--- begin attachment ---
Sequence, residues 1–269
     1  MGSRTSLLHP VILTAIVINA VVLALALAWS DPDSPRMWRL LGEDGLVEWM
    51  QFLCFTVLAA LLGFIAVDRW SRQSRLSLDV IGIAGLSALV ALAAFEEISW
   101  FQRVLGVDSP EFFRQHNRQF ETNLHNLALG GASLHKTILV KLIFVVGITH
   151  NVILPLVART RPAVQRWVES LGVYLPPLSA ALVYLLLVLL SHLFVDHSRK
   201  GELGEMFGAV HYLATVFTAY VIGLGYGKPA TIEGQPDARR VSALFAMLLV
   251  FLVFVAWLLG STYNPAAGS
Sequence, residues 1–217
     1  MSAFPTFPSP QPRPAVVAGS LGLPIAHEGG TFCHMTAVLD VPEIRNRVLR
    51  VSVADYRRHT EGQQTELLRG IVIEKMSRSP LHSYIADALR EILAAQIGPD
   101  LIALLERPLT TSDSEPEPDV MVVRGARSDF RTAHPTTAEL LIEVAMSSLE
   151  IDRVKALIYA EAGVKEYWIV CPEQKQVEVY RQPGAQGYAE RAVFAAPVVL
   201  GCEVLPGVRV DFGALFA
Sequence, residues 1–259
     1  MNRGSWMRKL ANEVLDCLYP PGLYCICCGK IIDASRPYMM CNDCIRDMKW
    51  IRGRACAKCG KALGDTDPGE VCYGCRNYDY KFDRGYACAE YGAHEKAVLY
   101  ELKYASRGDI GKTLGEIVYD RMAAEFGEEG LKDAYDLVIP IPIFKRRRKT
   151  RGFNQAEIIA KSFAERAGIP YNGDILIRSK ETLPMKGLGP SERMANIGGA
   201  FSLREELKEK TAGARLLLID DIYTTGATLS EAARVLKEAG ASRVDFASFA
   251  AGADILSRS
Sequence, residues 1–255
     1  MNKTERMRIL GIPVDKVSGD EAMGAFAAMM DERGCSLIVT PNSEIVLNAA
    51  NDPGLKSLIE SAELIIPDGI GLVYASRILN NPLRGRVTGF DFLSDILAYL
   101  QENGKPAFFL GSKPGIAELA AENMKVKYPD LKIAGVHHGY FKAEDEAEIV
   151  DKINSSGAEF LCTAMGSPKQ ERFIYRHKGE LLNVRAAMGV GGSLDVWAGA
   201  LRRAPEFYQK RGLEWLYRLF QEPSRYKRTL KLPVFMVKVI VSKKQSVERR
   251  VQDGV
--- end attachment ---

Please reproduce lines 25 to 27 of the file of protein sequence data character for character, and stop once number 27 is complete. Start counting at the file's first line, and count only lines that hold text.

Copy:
   151  DKINSSGAEF LCTAMGSPKQ ERFIYRHKGE LLNVRAAMGV GGSLDVWAGA
   201  LRRAPEFYQK RGLEWLYRLF QEPSRYKRTL KLPVFMVKVI VSKKQSVERR
   251  VQDGV